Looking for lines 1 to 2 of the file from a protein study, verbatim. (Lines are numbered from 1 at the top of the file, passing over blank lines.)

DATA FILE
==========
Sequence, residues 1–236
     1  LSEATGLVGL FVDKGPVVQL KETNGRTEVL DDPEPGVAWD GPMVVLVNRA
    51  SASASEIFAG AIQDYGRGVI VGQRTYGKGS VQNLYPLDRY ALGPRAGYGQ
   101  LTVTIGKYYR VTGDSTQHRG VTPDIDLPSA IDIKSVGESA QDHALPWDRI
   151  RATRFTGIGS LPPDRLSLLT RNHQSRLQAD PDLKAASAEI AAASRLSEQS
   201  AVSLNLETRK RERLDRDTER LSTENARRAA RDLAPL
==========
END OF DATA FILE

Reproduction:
Sequence, residues 1–236
     1  LSEATGLVGL FVDKGPVVQL KETNGRTEVL DDPEPGVAWD GPMVVLVNRA